Thursday, August 20, 2015

Black Canyon of the Gunnison National Park

Unfortunately the northern back country of Colorado was covered by a smokey haze yesterday when we drove west from Grand Junction to see this park.  It is coming down from the wild fires in Washington, weather reports claim this may clear up in another day or so.   We still had a great day during our visit to the Black Canyon.  It is one of our newer national parks (1999), but it has been a national monument since 1930.  The first explorers here in 1870 claimed the canyon "inaccessible and foreboding".  The first men exploring the canyon wrecked their two wooden boats on the Gunnison River which flows through the canyon.   Characteristic of the river then was that it was fast flowing and debris-laden with rocks and other sediment..   Of course, the river has, over time, carved out the beautiful canyon we see today.
The canyon is black because a lot of it is in shadows, and also because the river first started its course over volcanic rock.  It is one of the greatest canyons in North America because of its combination of depth, steepness and narrowness.  Its steep walls range in depth from 1750 to 2,700 feet.  At its narrowest point it is a quarter of a mile across.   Painted Cliff is 2,000 feet high- the Empire State building, if place on the canyon floor, would only come to half of the wall's height.  The cliff is the tallest in Colorado.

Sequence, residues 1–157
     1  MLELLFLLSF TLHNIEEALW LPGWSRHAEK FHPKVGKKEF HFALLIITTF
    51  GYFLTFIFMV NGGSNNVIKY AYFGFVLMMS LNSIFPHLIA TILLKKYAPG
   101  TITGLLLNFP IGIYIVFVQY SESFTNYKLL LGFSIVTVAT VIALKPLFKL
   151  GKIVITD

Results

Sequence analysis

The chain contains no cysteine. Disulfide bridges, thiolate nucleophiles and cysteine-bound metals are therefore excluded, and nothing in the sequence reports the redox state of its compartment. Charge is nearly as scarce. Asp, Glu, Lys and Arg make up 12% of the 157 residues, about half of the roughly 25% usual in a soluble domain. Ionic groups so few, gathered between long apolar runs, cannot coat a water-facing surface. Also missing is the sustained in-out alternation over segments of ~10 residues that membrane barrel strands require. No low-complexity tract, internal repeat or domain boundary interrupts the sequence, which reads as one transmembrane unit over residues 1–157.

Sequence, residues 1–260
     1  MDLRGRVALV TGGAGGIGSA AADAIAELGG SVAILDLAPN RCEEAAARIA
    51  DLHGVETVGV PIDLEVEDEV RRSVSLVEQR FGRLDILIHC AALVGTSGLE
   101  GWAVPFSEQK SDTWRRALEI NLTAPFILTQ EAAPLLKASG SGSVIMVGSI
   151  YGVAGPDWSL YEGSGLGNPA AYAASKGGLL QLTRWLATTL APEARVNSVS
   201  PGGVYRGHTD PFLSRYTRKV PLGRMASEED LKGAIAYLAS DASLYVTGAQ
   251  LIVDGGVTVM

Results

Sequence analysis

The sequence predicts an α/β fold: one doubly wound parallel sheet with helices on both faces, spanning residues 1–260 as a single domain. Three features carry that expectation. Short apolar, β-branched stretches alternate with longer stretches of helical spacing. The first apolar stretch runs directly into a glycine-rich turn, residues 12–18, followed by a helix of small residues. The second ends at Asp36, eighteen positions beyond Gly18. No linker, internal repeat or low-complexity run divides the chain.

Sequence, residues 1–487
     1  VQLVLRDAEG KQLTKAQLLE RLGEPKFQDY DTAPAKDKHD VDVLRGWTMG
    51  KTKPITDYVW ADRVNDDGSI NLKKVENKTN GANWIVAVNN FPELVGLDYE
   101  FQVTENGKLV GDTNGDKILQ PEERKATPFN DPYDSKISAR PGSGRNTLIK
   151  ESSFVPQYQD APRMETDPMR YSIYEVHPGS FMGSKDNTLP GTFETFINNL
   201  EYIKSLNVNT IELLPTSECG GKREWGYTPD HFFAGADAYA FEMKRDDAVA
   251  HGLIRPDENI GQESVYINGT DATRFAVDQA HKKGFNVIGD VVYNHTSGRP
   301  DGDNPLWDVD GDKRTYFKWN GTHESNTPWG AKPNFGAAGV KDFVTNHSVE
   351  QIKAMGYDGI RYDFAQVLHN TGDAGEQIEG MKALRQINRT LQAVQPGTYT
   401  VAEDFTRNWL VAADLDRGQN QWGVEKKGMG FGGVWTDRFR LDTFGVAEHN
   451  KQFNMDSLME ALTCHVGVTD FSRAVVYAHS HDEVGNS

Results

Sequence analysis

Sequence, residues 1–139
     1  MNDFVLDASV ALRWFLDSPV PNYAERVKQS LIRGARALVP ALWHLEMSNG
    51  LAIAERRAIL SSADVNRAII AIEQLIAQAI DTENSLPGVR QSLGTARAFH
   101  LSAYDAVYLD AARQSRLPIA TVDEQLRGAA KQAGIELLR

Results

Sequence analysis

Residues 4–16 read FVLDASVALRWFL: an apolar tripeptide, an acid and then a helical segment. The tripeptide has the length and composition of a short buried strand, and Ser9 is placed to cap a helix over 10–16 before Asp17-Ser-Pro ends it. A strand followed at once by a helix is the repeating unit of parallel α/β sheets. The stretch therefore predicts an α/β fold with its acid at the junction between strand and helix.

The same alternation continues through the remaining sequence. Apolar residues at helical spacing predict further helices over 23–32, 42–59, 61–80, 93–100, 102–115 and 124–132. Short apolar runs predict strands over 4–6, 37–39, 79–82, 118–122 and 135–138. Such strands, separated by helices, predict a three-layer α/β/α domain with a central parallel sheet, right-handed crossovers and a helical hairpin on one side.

One thing which intrigued me about this canyon is in some places it sparkles, or is crystalline.  After the volcano occurred many years ago, molten rock squeezed into fissures forming the light-colored bands which thread the canyon's dark walls.  As the hot fluid slowly cooled and hardened minerals formed and crystallized.   Flecks of mica, feldspar, quartz, and perhaps even garnet can be found in those light-colored bands seen in the picture above.  Information provided by park interpretive signs.
After we had made quite a few stops along the rim of the canyon viewing its unique features, we were ready to drive down into the canyon and explore its riverside area.  I apologize for the poor quality of pictures here- between the haze and the fact that it is a black canyon, my camera seemed to do a poor job of capturing the beauty of this park!

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